Consumer's Guide: Zero-Rated and Exempt Goods in UAE's VAT Law

Published September 6th, 2017 - 12:38 GMT
Are you ready for VAT? (File photo)
Are you ready for VAT? (File photo)

The UAE's Federal Decree-Law No. 8 of 2017 highlights some of the goods and services that are either exempt or zero rated, including public transport, exports to countries outside the Gulf Co-operation Council (GCC), commercial airlines, precious metals, the supply of crude and natural gas, and certain types of education and health care.

Many of these goods aren’t taxed because they provide beneficial services to society, whilst others avoid tax simply because they are too complicated, such as financial services.


Buildings feature heavily in the list of goods and services that are not taxed. For example, the first supply of residential buildings within three years of their completion, either through sale or lease in whole or in part, are zero-rated. The same goes for buildings that will be supplied for charity purposes.

Zero-rated means that the tax rate on that good is zero per cent, and therefore the consumer will not have to pay any tax on it.

One of the complicating factors in deciphering what is, and isn’t, subject to VAT, is that in the Decree-Law, there is an Executive Regulation referenced over 60 times. This Executive Regulation is often referred to as providing more information on a particular point.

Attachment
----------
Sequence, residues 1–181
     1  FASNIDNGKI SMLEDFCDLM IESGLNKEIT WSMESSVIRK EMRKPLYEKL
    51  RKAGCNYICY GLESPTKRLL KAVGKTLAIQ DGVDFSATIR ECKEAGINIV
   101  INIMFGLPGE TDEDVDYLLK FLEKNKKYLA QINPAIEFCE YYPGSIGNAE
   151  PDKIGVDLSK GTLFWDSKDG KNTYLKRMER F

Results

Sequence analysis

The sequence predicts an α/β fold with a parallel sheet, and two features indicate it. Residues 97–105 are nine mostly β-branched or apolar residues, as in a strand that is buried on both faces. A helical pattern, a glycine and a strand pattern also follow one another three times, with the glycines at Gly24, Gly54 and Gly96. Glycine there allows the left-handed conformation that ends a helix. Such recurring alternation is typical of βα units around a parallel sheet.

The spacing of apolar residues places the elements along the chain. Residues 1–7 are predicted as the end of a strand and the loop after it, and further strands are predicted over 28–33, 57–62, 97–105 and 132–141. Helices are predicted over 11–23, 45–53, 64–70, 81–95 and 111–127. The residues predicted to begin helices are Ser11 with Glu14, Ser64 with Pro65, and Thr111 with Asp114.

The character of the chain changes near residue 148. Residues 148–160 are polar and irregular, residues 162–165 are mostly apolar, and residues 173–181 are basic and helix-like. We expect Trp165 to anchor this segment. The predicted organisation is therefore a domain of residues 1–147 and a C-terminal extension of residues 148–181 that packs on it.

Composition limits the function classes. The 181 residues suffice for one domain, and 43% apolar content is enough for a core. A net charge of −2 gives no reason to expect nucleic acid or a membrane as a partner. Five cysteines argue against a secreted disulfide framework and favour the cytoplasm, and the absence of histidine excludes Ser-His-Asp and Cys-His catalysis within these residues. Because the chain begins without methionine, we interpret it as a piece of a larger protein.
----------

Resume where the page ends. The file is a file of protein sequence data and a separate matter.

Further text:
In the list of goods and supplies that will not be taxed, many items read very similarly to the following example: “The supply of … health care services [will be not be taxed] … according to what is specified in the Executive Regulation of this Decree-Law.”

The problem is, this Executive Regulation has not yet been released to the public, and as a result many of the exemptions listed are still unclear, as they refer to an unreleased document for further details, leading to much speculation.

Education has been the subject of dispute in recent days, as people argue whether or not all education is tax-free, or just government-funded education.

Much of this confusion should be cleared up when the government publishes its Executive Regulation, and provides more detail on what is, and isn’t exempt from tax.

By Ed Clowes


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